Job Seekers Lose Vital Centrelink Help

20:13' 26-09-2018
Job seekers who lose their unemployment benefits because of decisions made by private operators have no easy way to get the decisions reviewed.

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    Job seekers who lose their unemployment benefits because of decisions made by private operators have no easy way to get the decisions reviewed.

    Australia's 650,000 unemployed people must register with a Jobactive network provider, who is supposed to help them find work. As part of their obligations, they must apply for at least 20 jobs a month, attend regular meetings with their provider, or take part in an activity as part of the Work for the Dole scheme.

    Job seekers who fail to meet any of these conditions without a reasonable excuse may have their unemployment payments withheld or cancelled.

    In the past, job seekers could ask Centrelink to review such a decision, if they thought it was wrong. However, in July this year new legislation removed Centrelink’s power to overturn penalties.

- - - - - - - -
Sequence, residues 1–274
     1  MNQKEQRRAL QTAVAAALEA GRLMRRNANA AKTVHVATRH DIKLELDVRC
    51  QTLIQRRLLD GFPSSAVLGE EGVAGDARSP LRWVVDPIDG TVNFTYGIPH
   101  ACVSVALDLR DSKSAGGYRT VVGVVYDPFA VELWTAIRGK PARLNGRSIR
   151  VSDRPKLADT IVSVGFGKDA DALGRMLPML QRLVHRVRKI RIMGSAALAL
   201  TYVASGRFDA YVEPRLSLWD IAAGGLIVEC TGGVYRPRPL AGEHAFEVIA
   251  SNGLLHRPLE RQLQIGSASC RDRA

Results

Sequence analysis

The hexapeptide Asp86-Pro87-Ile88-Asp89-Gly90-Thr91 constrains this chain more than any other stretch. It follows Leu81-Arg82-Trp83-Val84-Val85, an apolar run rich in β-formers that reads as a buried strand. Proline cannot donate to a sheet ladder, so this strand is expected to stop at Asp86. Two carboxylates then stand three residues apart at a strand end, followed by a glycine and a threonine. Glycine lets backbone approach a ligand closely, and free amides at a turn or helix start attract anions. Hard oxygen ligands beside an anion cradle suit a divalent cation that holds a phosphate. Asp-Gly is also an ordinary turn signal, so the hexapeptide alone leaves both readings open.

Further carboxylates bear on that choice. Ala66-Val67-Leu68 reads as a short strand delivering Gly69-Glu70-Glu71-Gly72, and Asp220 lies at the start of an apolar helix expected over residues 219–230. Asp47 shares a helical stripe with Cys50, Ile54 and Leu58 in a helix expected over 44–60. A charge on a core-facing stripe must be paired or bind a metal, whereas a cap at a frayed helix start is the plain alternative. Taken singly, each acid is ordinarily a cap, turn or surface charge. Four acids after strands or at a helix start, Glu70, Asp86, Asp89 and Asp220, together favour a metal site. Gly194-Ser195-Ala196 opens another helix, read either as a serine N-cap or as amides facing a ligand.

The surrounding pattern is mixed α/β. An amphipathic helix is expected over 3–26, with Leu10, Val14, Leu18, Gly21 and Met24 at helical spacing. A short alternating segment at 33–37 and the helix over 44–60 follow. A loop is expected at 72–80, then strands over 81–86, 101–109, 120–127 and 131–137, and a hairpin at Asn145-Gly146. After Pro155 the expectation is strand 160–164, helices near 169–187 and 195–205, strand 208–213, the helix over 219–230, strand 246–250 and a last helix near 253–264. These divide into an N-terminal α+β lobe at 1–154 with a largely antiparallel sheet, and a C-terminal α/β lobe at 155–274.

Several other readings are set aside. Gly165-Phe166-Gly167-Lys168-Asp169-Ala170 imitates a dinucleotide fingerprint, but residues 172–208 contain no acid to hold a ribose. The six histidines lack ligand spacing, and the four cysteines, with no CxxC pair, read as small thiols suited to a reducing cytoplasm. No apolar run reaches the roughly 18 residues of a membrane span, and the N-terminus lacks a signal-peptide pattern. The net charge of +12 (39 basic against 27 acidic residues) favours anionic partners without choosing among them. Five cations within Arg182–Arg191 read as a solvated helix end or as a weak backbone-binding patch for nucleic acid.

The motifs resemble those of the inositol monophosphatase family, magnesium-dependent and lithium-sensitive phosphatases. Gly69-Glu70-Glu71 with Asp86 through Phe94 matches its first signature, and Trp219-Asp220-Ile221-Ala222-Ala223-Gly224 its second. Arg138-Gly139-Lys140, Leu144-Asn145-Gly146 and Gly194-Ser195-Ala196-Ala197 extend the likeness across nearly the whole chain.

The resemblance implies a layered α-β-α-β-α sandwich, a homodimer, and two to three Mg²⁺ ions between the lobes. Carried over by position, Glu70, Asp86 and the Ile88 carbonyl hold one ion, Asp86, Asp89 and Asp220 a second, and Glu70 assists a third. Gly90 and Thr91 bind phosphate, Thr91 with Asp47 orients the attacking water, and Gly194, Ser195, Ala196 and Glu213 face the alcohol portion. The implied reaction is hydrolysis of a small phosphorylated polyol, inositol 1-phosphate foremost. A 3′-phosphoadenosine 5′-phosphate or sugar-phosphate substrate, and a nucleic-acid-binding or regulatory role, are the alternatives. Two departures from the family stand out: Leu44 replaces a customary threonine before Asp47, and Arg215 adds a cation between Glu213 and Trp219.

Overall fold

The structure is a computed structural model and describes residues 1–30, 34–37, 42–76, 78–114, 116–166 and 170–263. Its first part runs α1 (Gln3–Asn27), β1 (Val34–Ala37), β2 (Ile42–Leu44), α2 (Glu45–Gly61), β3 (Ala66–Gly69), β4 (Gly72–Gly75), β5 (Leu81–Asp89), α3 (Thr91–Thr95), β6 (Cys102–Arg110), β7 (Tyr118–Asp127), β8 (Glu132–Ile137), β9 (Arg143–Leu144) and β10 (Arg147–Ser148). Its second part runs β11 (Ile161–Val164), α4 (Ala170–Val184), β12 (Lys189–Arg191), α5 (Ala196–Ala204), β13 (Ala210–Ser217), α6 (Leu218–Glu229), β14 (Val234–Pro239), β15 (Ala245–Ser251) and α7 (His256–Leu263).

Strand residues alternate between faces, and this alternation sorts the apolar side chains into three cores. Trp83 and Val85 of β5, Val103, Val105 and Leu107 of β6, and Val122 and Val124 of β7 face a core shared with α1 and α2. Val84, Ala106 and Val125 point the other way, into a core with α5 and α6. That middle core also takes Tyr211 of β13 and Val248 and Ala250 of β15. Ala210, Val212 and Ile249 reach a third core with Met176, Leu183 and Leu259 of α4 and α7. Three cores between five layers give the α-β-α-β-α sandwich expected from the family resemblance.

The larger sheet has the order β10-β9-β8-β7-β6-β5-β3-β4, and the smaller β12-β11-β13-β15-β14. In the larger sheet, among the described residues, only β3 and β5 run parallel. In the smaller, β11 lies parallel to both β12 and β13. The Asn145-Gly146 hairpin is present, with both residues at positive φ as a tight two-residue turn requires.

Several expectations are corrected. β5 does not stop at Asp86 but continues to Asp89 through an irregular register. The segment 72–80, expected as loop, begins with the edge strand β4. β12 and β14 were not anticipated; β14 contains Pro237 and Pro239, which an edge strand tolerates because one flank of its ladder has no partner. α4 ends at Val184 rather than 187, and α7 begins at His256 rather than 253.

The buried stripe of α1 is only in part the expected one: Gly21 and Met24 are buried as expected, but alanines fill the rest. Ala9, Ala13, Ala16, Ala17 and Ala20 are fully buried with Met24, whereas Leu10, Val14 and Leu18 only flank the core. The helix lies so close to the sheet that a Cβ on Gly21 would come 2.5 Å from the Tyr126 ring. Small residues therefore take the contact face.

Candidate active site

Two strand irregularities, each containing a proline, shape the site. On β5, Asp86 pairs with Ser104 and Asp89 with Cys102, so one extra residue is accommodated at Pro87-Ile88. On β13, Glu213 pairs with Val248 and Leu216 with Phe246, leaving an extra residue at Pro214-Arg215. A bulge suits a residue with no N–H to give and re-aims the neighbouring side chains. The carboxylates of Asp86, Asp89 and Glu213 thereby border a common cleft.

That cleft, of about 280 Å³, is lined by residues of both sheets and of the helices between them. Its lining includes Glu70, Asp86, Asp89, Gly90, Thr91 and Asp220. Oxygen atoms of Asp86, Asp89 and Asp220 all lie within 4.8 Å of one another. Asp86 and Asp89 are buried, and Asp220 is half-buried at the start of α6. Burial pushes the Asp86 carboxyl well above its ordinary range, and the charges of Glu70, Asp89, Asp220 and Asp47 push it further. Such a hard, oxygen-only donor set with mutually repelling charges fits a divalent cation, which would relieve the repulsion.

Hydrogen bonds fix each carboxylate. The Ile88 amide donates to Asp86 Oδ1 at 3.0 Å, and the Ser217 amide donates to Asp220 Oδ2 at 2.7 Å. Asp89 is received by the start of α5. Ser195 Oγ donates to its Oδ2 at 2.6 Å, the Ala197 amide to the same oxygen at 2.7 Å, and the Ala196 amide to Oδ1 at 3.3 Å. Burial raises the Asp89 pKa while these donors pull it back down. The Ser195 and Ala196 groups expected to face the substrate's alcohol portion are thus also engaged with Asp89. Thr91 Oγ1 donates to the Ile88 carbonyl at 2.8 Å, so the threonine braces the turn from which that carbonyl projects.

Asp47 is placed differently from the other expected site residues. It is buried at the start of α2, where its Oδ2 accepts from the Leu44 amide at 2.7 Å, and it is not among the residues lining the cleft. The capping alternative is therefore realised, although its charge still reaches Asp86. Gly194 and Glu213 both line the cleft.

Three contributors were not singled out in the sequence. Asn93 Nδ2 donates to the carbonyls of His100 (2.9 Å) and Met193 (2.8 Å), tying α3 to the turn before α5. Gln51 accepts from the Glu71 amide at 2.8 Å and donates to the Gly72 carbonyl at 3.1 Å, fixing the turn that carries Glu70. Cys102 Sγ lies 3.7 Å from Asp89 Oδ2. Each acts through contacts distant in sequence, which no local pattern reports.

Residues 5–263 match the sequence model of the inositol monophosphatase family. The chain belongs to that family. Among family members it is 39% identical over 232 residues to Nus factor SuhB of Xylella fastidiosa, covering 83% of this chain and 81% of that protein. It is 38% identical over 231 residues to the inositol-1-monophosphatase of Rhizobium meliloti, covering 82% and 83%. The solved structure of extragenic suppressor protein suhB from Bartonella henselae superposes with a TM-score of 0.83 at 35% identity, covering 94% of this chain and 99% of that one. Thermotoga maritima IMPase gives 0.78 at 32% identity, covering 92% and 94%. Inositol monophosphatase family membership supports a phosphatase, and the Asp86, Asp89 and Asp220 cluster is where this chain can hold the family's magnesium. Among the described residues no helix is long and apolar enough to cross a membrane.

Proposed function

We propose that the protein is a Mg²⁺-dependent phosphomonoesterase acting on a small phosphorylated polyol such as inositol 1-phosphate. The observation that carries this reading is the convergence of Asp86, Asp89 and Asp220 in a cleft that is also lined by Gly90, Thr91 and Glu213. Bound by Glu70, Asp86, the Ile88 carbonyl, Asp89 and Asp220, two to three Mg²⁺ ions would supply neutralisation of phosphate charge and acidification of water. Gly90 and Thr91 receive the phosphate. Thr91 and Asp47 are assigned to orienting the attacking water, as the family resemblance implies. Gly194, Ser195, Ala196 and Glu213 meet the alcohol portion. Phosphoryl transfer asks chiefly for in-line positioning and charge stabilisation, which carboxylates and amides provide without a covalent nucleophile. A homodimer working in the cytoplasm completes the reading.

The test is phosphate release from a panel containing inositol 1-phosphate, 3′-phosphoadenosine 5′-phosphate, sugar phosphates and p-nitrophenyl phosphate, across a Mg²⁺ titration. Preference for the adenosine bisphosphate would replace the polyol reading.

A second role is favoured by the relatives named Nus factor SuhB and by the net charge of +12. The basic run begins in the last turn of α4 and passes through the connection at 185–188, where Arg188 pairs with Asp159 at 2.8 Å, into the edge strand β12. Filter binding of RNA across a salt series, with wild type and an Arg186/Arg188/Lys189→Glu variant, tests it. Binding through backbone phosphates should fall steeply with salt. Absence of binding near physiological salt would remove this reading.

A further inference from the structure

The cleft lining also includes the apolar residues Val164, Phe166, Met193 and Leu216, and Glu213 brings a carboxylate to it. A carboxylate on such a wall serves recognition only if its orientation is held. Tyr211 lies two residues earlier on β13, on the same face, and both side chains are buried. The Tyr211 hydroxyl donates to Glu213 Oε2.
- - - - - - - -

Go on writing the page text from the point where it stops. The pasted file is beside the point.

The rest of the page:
Independent think tank Per Capita recently released a report indicating this is a cause for alarm, as there is “a significant rate of error” in the penalties imposed. In the 2015-2016 financial year, 2 million penalties were imposed, but Centrelink found nearly half of them were not justified.

    The report asserts that the Jobactive scheme, introduced in 2015, “is not offering genuine employment services” for job seekers, and “imposes requirements on them that do not improve their employment prospects but are linked to fees and ‘outcome payments’ for their jobactive provider”.

    The report also warned services often assist people who are relatively easy to place in work, while keeping clients who are more difficult to place simply to attract government funding.

    Most of the unemployed workers interviewed for the report complained that “their attendance at job agencies is a cost and a barrier to their search for work”.

    The Work for the Dole program, in particular, came under criticism earlier this year for work safety issues. Such criticisms date back to 2016. A Government-funded report in that year suggested 64% of Work for the Dole worksites had below average health and safety standards.

    Job seekers who are concerned about their rights should contact the Australian Unemployed Workers’ Union (AUWU) at unemployedworkersunion.com. The AUWU national hotline (03) 8394 5266 is available Monday to Friday from 10am to 2 pm.

    Span Hanna

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